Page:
Still, the Fed opted to leave rates unchanged in June and officials only weakly committed to two more rate hikes this year.
Friday’s jobs report will also likely factor into the ongoing U.S. presidential election, which has seen presumptive Democratic nominee Hillary Clinton spar with the GOP’s Donald Trump, the latter of whose support has largely come from districts with high joblessness.
—Reuters and CNBC’s Patti Domm contributed to this report.
Financial analyst Gregory Mannarino contends, “We are in uncharted territory. It’s occurring right under everybody’s nose.
Barely anyone is aware of what is going on because it’s not getting any media coverage. There is this phenomenon where trillions of dollars of currency are being moved or rushing towards the debt market that is squeezing bond yields to historic lows. We are making history in the United States for the second week in a row, and I am talking about the bond market. Last week, we hit an historic low with regard to yield. People are so desperate, people are so desperate they are willing to accept negative returns. This is how desperate they are. . . . This is, and I can’t stress this enough, this is the biggest red flag I can possibly imagine. We are on the cusp of some event that is going to change the landscape of the world.”
The other warning sign that something is very wrong can be seen in the price of gold and silver. Mannarino says, “Both gold and silver, since the beginning of this year, have taken off like rockets, and they are not going to stop. This environment is on the edge. . . . These are monetary metals. People refer to them as precious metals. They are real money, and they have been real money for thousands of years. No central banker is going to make it different just by saying they are not money. The system is illiquid, and the banks are insolvent.”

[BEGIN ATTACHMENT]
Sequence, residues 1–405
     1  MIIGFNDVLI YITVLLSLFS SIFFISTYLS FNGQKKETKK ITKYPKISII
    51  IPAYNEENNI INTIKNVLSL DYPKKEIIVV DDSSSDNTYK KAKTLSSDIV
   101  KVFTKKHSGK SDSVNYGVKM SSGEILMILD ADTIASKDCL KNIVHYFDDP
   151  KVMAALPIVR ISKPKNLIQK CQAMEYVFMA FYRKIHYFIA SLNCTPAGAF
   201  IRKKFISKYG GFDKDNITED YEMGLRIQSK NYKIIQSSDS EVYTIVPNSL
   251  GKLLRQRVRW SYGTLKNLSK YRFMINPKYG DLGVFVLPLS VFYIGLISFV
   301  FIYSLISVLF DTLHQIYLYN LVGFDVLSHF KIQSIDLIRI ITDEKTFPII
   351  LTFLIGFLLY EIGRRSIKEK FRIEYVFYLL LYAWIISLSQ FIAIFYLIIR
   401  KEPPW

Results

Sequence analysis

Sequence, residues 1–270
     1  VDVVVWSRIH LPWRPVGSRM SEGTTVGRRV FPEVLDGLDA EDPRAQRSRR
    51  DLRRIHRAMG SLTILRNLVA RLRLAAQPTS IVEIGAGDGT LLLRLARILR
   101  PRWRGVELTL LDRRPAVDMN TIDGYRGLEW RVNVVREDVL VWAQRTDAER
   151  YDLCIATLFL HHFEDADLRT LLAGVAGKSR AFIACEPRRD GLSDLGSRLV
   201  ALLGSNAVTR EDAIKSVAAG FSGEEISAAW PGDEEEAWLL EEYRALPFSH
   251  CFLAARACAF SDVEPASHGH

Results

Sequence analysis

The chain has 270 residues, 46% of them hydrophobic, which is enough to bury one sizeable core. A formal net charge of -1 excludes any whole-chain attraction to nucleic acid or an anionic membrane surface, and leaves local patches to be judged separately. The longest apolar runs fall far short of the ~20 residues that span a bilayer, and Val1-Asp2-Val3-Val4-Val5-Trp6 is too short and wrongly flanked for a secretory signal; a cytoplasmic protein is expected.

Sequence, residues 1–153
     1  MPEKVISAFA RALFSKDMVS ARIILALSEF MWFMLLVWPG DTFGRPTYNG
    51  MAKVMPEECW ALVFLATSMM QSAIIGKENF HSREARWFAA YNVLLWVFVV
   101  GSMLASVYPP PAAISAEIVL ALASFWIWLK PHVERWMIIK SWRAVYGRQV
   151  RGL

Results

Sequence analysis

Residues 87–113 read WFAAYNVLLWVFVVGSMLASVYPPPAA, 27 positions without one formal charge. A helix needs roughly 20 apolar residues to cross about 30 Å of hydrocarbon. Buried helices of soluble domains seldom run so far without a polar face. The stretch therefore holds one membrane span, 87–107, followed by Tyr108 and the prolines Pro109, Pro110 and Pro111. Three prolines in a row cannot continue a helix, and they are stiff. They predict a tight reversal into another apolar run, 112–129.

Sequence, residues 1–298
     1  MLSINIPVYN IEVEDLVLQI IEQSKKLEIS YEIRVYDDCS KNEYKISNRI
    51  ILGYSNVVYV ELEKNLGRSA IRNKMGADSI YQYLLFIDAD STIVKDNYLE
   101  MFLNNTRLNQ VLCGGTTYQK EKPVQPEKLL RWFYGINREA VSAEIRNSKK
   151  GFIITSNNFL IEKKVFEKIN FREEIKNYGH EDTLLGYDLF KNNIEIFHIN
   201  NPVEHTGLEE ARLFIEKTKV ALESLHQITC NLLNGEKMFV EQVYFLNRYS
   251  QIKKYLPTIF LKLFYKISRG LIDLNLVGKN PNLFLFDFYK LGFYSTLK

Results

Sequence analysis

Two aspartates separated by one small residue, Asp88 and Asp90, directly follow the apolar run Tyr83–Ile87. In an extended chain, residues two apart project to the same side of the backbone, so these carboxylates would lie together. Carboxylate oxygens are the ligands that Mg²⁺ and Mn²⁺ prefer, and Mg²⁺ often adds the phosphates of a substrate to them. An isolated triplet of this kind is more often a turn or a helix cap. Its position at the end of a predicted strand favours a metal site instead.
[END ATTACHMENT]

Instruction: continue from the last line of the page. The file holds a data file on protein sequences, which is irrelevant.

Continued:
The real cost will be in lives lost. Mannarino contends, “We have seen debt rise in tandem with human population. We understand the debt is not sustainable, and we understand the world central banks are going through very desperate measures to try to keep that debt bubble sustained. The debt bubble is the greatest threat to humankind—bar none. It is greater than a nuclear exchange. There is going to be a point when we cannot borrow anymore from the future. When that happens, the debt bubble pops, and we get a correction in human population. Millions and millions of people are going to die.”
Join Greg Hunter of USAWatchdog.com as he goes One-on-One with Gregory Mannarino, founder of TradersChoice.net.
Check out this video:
Consumer Spending in the U.S. Continues to Rise
The U.S. national debt is creeping up again, after holding steady for the last few months thanks to the annual flood of individual and corporate tax receipts.
Total government debt hit a record $19.38 trillion on Thursday, up nearly $98 billion from the day before. It’s the first time it has ever exceeded $19.3 trillion.
The debt will soar higher still in the coming months, and is expected to approach $20 trillion by the time President Obama leaves office.
The total debt had been essentially flat since March, when it hit $19.2 trillion. Growth in the national debt often slows or plateaus in the spring and early summer, as tax receipts in April help balance out federal spending that’s on a current pace to exceed receipts by $500 billion.
The federal government collected a record high $1.48 trillion in tax revenues in the first half of the year, which helped offset growth in the deficit over the last few months.
Total public debt on Thursday was $13.93 trillion, and government loans to itself are $5.45 trillion.
Aside from tax receipts or lower spending, another way to reduce the national debt is through gifts to the Treasury Department. But so far, the Treasury has received just $1.6 million in gifts, and during the April tax season, people donated just $42,000 to the effort.